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Discussion Starter · #1 ·
Here's the original LA Times article:

New safety rules for children's clothes have stores in a fit

By Alana Semuels
January 2, 2009
Barring a reprieve, regulations set to take effect next month could
force thousands of clothing retailers and thrift stores to throw away
trunkloads of children's clothing.

The law, aimed at keeping lead-filled merchandise away from children,
mandates that all products sold for those age 12 and younger --
including clothing -- be tested for lead and phthalates, which are
chemicals used to make plastics more pliable. Those that haven't been
tested will be considered hazardous, regardless of whether they actually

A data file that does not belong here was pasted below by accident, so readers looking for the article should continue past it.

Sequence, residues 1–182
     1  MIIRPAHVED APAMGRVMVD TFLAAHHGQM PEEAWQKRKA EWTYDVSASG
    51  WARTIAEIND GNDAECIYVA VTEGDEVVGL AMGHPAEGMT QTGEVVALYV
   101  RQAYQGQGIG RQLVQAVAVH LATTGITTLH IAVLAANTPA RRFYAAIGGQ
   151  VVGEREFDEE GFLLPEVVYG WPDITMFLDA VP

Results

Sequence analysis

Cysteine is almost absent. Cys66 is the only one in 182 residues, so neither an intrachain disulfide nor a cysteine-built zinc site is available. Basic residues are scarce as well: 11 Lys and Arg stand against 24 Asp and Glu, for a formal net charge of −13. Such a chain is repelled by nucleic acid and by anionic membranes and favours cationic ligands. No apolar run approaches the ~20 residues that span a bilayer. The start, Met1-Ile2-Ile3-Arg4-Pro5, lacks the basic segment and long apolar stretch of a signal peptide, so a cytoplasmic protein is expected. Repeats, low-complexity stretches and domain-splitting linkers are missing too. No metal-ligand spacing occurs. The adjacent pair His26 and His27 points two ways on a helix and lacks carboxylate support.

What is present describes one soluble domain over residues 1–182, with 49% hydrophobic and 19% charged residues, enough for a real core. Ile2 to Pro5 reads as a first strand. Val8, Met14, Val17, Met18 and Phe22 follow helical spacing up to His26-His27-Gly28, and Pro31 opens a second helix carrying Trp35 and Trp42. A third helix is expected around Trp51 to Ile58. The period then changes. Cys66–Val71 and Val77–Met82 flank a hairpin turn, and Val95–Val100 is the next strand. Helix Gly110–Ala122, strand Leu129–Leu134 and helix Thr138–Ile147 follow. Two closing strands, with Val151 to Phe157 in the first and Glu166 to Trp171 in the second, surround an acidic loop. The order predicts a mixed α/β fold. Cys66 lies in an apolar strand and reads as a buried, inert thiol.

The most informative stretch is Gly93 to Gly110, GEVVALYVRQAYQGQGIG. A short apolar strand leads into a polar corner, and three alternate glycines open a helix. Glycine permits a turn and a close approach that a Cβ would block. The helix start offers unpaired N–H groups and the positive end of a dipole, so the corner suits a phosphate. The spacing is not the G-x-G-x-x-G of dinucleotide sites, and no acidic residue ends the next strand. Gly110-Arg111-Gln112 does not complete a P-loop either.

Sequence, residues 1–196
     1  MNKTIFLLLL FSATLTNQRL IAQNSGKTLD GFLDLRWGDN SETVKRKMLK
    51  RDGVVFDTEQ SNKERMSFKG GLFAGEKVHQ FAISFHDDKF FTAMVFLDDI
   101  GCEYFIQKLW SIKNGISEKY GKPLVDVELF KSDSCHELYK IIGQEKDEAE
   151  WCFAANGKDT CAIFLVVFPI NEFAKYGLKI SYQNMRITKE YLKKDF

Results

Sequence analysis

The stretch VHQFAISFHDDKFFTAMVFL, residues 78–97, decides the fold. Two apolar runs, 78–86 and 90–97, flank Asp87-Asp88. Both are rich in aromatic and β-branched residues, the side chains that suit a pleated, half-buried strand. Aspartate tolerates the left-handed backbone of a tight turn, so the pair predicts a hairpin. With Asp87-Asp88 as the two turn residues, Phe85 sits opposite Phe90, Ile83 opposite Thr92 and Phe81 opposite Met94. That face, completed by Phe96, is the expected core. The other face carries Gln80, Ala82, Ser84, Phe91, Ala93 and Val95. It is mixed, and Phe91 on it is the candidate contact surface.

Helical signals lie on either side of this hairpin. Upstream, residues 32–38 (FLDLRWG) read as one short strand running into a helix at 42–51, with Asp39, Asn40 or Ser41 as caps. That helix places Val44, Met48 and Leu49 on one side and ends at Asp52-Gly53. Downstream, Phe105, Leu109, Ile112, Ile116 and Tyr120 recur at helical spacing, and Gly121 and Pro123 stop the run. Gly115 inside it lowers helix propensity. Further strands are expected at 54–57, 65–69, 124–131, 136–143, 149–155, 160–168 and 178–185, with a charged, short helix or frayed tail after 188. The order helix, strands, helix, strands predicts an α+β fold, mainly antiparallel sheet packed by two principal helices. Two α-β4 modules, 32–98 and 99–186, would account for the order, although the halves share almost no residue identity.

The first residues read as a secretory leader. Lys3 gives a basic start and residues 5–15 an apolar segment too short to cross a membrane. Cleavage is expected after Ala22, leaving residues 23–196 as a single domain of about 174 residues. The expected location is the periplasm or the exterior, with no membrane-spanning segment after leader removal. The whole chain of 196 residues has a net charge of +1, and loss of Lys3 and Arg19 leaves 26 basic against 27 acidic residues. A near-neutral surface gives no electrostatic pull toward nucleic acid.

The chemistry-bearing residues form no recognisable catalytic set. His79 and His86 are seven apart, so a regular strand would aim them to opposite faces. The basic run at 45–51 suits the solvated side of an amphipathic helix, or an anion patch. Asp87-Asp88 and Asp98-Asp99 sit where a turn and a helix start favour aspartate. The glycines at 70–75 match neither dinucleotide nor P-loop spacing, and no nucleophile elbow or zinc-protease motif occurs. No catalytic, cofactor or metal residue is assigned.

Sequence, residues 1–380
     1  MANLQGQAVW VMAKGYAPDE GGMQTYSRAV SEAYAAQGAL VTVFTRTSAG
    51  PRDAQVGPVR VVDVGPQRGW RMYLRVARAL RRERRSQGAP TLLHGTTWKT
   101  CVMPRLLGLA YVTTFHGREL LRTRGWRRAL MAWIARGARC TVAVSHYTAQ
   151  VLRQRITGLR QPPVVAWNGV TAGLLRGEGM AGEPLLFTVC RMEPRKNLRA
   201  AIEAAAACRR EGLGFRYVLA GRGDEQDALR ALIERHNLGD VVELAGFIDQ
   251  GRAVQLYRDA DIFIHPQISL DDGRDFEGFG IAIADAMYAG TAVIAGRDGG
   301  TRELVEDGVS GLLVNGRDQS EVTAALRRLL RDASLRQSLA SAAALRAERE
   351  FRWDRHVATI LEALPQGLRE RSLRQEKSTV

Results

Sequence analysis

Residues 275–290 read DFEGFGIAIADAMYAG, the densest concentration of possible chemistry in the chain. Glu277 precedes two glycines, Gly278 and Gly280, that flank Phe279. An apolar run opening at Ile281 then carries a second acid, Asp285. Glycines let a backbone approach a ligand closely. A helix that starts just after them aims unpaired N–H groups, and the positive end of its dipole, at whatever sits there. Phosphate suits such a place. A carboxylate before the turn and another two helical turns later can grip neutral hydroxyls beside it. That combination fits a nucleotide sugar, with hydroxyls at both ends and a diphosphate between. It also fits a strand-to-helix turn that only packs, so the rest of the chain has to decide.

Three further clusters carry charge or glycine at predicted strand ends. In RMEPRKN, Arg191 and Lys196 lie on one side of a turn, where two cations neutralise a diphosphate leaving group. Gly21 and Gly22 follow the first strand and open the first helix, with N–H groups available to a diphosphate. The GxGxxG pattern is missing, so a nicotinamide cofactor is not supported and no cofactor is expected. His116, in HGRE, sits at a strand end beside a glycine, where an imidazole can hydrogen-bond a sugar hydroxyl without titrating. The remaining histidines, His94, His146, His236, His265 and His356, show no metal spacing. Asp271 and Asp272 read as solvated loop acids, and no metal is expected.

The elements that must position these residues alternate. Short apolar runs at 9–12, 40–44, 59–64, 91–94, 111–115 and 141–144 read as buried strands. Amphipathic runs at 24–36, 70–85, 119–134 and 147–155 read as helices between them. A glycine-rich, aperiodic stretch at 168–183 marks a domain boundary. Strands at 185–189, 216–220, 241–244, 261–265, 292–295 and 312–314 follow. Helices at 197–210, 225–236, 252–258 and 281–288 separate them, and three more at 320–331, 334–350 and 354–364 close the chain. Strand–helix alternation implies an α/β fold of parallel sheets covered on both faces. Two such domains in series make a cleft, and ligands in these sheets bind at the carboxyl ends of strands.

contain lead.

"They'll all have to go to the landfill," said Adele Meyer, executive
director of the National Assn. of Resale and Thrift Shops.

The new regulations take effect Feb. 10 under the Consumer Product
Safety Improvement Act, which was passed by Congress last year in
response to widespread recalls of products that posed a threat to
children, including toys made with lead or lead-based paint.

Supporters say the measure is sorely needed. One health advocacy group
said it found high levels of lead in dozens of products purchased around
the country, including children's jewelry, backpacks and ponchos.

Lead can also be found in buttons or charms on clothing and on appliques
that have been added to fabric, said Charles Margulis, communications
director for the Center for Environmental Health in Oakland. A child in
Minnesota died a few years ago after swallowing a lead charm on his
sneaker, he said.

But others say the measure was written too broadly. Among the most vocal
critics to emerge in recent weeks are U.S.-based makers of handcrafted
toys and handmade clothes, as well as thrift and consignment shops that
sell children's clothing.

"We will have to lock our doors and file for bankruptcy," said Shauna